Building Muscles And Losing Fat Simultaneously

building muscles

A lot of people think they have to first lose weight and then they can start building muscle as if somehow the two operations cannot be performed simultaneously which is far from the truth.

As per research studies and surveys of different people from different age groups and even with various states of health, you can build muscle and lose fat at the same time.

Typically a hypocaloric diet, resistance training and increasing protein intake suffice to help people lose fat and gain muscles over a period of time. The results are same for menopausal women that continued resistance training for over 16 weeks and benefitted in the form of fat loss and increased resting metabolic rate. In another instance when overweight men employed high-intensity interval training for 12 weeks they shredded the extra fat from their abdomens, trunk and visceral fat.

Even people with type 2 diabetes increased lean mass and decreased trunk fat mass by high-intensity progressive resistance training. The same activity when continued for the duration of 4-9 months by college-level female tennis players concluded as a substantial fat loss and increased mass.

The optimistic results don’t apply to the youth only as even women that had crossed their 60s but were living an active lifestyle increased lean tissue and decreased body fat by weight training.

losing fat

After having ample proof of the theory we can easily move on to the mechanism that supports these results. There are three key elements that work in unison to tone down body fat while pronouncing fat free mass and muscles.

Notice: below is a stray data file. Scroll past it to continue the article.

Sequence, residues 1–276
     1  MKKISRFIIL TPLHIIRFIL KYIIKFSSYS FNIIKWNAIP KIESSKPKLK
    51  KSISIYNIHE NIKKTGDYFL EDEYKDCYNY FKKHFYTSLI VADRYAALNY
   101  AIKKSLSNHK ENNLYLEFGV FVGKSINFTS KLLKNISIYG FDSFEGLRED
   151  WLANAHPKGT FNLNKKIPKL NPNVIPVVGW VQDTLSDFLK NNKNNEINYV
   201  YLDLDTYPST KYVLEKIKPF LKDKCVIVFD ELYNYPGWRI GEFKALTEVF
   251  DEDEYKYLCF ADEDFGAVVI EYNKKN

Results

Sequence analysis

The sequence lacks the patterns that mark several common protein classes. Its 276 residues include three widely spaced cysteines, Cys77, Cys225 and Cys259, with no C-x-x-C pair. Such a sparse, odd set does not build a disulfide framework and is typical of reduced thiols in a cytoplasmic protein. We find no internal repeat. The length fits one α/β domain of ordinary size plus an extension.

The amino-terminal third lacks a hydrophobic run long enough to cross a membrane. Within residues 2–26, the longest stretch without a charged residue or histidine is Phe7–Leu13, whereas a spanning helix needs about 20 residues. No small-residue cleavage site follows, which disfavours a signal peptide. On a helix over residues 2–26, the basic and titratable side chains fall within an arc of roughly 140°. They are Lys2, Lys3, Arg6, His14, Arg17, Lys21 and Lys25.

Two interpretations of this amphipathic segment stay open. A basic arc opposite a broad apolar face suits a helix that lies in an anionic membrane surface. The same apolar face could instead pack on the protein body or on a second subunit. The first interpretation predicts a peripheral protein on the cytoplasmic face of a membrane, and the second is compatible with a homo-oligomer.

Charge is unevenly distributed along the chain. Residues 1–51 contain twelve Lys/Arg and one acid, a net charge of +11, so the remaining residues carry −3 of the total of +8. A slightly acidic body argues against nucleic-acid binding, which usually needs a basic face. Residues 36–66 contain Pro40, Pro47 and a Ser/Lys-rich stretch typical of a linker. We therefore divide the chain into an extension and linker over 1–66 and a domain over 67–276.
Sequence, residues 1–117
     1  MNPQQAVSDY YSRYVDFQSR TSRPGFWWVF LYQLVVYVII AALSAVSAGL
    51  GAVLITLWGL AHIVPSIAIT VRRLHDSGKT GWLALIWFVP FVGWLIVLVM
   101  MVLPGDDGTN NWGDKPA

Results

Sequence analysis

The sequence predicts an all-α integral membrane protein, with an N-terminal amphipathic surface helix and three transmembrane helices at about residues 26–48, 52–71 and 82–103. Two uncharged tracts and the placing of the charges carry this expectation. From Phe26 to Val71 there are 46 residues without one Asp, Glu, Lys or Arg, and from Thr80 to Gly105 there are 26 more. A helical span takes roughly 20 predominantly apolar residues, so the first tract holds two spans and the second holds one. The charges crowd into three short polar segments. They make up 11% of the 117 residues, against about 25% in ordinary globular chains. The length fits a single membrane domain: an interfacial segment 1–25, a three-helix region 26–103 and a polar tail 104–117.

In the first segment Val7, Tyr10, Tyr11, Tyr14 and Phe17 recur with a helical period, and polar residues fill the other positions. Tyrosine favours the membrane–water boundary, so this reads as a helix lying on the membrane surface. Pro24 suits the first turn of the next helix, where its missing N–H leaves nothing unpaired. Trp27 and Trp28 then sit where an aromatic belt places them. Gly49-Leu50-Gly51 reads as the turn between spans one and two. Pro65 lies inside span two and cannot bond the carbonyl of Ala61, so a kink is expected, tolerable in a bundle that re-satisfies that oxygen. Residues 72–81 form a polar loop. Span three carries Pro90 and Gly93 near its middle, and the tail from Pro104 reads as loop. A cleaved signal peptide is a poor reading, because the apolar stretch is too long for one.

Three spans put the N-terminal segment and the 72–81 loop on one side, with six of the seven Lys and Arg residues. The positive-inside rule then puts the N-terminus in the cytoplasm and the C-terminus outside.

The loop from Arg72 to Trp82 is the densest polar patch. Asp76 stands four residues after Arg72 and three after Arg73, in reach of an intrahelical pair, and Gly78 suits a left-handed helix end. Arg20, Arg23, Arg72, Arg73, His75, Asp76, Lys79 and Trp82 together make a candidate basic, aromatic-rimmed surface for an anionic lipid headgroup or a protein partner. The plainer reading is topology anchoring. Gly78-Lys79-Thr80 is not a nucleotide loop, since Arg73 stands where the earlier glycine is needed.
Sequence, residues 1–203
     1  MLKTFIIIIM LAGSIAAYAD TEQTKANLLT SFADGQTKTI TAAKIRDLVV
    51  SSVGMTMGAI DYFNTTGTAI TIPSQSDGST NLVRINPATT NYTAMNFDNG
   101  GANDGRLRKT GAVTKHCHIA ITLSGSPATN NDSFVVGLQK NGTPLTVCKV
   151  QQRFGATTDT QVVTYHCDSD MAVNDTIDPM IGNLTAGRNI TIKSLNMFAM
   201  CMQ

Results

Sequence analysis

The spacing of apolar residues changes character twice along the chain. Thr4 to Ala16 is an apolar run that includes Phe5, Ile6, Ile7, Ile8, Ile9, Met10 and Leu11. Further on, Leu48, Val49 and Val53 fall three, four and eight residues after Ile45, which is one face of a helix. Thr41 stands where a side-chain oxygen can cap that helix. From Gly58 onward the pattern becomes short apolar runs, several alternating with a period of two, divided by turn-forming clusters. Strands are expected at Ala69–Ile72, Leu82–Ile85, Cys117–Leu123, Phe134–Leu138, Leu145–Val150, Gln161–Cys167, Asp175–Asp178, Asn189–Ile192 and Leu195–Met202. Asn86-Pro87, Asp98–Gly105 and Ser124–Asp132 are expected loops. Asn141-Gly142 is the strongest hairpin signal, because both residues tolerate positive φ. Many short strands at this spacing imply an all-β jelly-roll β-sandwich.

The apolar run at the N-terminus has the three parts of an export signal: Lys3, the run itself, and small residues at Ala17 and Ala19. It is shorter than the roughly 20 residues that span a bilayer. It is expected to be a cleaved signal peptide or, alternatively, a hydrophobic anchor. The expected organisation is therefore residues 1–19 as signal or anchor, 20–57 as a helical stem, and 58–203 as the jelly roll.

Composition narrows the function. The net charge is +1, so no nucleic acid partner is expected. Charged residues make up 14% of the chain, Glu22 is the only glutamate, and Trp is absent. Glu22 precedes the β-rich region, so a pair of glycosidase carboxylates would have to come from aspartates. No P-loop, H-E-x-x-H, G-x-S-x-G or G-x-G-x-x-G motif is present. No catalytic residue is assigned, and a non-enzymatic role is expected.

From the get go understand that losing fat while gaining muscle means the scales won’t budge significantly and your body composition will be apparent through the way your clothes fit you and how you look instead of the number on the weighing machine trickling down.

Now the first important step is to get the right amount of calories in your system which is near or exactly around your maintenance levels. If your intake is reduced you will lose muscle along with fat and if it exceeds the maintenance levels you will increase fat alongside muscle. Moderation and meeting the required calories is important and so is monitoring your progress.

The amount of macronutrients you take are deterministic factors of how much muscle you could lose in a hypocaloric environment and keeping that in mind make sure you take in a healthy amount of good fats, carbohydrates and protein on a daily basis. Protein helps build muscle and having 0.8-1 g per pound of your lean body weight would be adequate enough and your daily routine and activity levels should decide how much of the other macros you intake.

For highly active individuals that undertake HIIT and strength training they can eat up to 50% of carbohydrates for their entire calorie intake to serve as fuel for the system but the composition of all three macros must complement the needs of the body as a whole.

Last but not the least for your muscles to grow onehas to exert them and that means incorporating one or two exercise regimes that stimulate muscles in your fitness program. Strength training really helps build muscle and lose fat at the same time and the two highly recommended exercises are resistance exercise and high-intensity interval training.

With the right kind of exercise, the right amount of calorie intake and focus on your macros and their ratio you can definitely lose fat and build muscle at the same time.

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